Lawrence Rausch is an independent consultant providing expert advice on the development and identification of science, technology, and innovation indicators especially those related to business, intellectual property, and trade. Previously, he worked at the National Science Foundation where he served as unit specialist for national and international R&D impact indicators, interpretations, and issues. While at NSF, he was the author of numerous publications on trends in international patenting, US high-tech trade, R&D activities by small business, and for 10 editions of the National Science Board’s Science and Engineering Indicators Report, was the lead author for the chapter on Industry, Technology, and the Global Marketplace. Larry also directed two national pilot innovation surveys and, prior to leaving NSF, developed a prototype survey instrument for a new national data collection from US microbusinesses (less than 5 employees) on their R&D and innovation activities. He holds master’s and baccalaureate degrees in Economics from the State University of New York and completed additional graduate-level studies in business and international affairs at Virginia Tech and Georgetown University.

Heidi Ross: Professor and Director, East Asian Studies Center, Indiana University

Heidi Ross is constantly engaged with the latest developments in Chinese education and society. She has investigated gender socialization and environmental education in Chinese schools and the difficulties faced by faculty at China’s private colleges and universities as China experiences an unprecedented demand for higher education. With School of Education colleague Laura Stachowski and support from the center, Ross has also helped to establish a placement site in China’s Shandong Province for Teacher Education majors through IU’s Cultural Immersion Projects program. Most recently, Ross, with other IU and Chinese colleagues, has begun work on her project, “Developing National Student Engagement Surveys for Chinese Secondary and Higher Education: Effective Practice for an Era of Mass Schooling.” The project will include implementation of IU-developed surveys that measure student engagement. Ross often collaborates with the many graduate students she mentors. She regularly co-presents conference papers and co-authors articles with students. Ross has also partnered with the University of Illinois to establish the IL/IN East Asian Education Network Dissertation Workshop. The two schools have co-hosted four workshops, giving doctoral students from other universities the chance to present their research and to get feedback and support. “The longer I’m in academe the more I’ve felt that living as a scholar, teacher, and occasional administrator demands vigilance about the ends of education, to understand what is crucial to our work—and what we are willing to give up,” says Ross. “I realize the two things I can’t give up are collaboration and inter-disciplinary research. Both are crucial to my health as a scholar and human being. Trying to redress problems collaboratively, comparatively, and globally—well, that is a kind of hope in the possibility of taking a journey of solidarity.”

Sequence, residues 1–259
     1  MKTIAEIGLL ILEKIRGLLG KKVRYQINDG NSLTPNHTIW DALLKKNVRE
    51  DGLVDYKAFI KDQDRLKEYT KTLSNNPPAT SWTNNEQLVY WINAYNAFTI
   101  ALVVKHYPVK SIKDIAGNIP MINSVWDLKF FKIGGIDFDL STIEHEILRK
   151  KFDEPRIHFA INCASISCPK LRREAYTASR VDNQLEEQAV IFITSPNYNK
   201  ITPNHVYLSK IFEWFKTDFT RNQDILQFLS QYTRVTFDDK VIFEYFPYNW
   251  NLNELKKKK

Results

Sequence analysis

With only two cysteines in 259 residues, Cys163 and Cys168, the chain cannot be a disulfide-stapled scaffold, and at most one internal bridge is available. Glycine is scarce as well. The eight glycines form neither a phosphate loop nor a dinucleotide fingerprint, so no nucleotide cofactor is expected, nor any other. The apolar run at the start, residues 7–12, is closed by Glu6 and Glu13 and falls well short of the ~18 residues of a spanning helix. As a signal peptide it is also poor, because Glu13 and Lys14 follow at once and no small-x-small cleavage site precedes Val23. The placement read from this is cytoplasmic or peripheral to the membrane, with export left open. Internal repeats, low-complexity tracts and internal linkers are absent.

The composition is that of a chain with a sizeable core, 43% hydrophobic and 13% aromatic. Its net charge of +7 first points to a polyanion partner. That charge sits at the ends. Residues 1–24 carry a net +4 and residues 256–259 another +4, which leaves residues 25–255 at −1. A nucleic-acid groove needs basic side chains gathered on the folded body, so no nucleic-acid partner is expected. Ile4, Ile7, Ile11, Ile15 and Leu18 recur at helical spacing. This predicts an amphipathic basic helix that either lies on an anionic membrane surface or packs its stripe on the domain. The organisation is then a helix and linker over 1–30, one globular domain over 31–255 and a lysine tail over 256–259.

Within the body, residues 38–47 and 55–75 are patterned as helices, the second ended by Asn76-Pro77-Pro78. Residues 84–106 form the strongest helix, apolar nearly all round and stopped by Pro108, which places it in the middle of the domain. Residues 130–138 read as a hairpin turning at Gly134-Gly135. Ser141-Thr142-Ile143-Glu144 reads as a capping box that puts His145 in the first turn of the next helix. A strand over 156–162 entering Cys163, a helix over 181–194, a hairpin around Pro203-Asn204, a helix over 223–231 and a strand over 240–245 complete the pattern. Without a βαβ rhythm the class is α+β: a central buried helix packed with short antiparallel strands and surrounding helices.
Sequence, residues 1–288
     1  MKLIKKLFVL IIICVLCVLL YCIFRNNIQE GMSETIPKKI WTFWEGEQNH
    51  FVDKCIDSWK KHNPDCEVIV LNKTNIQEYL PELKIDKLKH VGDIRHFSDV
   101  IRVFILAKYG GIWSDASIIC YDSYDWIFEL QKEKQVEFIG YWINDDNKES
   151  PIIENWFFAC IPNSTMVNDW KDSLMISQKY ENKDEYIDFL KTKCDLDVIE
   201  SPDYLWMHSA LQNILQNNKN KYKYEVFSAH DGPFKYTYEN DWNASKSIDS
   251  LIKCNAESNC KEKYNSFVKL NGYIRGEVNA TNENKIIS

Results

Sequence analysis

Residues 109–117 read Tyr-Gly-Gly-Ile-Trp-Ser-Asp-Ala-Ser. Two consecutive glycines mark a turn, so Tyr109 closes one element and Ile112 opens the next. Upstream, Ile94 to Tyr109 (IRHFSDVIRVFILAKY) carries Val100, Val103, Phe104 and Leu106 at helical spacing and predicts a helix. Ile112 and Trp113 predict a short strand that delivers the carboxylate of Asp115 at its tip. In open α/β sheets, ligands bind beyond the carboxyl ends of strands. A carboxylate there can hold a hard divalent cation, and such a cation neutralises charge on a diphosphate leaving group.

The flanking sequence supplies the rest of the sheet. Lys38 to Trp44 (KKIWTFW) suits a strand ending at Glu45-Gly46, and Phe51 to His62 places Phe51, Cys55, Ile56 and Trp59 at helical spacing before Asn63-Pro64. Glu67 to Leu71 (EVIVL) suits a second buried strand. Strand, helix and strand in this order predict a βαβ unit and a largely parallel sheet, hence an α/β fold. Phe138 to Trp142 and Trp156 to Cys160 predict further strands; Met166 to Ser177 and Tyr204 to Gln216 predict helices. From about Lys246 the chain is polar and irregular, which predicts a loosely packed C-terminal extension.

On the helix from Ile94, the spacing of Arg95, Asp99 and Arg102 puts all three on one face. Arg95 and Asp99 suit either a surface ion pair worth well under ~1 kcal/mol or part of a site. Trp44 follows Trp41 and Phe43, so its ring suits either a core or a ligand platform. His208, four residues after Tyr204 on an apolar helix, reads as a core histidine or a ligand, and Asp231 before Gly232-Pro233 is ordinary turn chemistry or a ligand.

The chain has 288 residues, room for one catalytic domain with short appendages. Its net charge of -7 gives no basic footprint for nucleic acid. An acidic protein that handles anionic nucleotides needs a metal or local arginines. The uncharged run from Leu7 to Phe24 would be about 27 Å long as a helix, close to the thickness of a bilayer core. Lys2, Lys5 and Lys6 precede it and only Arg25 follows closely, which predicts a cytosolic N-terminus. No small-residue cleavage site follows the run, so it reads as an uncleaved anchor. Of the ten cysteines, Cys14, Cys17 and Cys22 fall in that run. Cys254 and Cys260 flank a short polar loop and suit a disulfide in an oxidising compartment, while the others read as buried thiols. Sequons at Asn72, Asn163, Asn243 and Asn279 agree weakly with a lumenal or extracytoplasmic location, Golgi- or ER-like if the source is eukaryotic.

Edward St. John: Algo D. Henderson Collegiate Professor of Higher Education at the University of Michigan

Edward St. John is the Algo D. Henderson Collegiate Professor of Higher Education at the University of Michigan . He is concerned with education for a just society, an interest that stems from three decades of research on educational policy and practice. He is a Fellow of the American Educational Research Association and received awards for leadership and research from the Association for the Study of Higher Education. Professor St. John He serves as series co-editor for Readings on Equal Education, an annual volume focusing on initiatives seeking to reduce inequalities in K-12 and higher education. He also co-edits Core Issues in Higher Education, topical texts for professors and graduate students with an interest in the field. He directs research for a consortium of universities working with Detroit Public Schools, funded by the Ford Foundation, at the University of Michigan’s National Center for Institutional Diversity. His forthcoming books include College Prep with Johns Hopkins University Press, Public Policy and Higher Education with Routledge Press, and Research, Actionable Knowledge and Social Change with Stylus Press, a book the launches a new book series on Actionable Research and Social Justice. His lectures at Beijing Normal University focus on role of educational research in promoting social justice through educational uplift of underrepresented groups within diverse societies.

Peter Schubert: Director, Richard G. Lugar Center for Renewable Energy, IUPUI, Indianapolis